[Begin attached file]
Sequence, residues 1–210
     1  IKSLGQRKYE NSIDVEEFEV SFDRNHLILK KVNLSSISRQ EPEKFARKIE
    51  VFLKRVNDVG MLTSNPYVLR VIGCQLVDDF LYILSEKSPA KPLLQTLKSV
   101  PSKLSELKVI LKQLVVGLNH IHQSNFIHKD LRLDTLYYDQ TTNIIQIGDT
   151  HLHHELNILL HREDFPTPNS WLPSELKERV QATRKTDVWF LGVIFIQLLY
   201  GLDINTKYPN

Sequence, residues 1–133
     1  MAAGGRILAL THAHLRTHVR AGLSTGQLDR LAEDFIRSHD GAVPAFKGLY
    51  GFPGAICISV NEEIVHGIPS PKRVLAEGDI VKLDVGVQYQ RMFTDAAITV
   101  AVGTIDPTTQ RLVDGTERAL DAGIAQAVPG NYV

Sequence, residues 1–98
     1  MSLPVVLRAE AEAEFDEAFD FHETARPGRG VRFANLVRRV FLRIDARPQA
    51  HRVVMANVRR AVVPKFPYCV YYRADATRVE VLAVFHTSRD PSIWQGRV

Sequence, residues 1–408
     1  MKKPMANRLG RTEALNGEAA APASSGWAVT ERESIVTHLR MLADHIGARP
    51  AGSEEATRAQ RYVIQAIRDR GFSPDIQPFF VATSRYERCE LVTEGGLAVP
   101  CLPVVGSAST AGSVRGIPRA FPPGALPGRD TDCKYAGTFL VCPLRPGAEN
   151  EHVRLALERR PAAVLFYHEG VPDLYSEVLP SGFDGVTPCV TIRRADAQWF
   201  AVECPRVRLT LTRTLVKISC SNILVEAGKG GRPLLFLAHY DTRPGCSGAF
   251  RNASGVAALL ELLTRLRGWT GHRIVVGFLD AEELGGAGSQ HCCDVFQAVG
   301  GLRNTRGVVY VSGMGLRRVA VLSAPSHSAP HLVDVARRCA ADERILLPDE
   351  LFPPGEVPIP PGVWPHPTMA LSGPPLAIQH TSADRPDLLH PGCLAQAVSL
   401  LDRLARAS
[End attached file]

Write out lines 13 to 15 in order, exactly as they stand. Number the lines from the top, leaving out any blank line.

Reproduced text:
    51  HRVVMANVRR AVVPKFPYCV YYRADATRVE VLAVFHTSRD PSIWQGRV

Sequence, residues 1–408
     1  MKKPMANRLG RTEALNGEAA APASSGWAVT ERESIVTHLR MLADHIGARP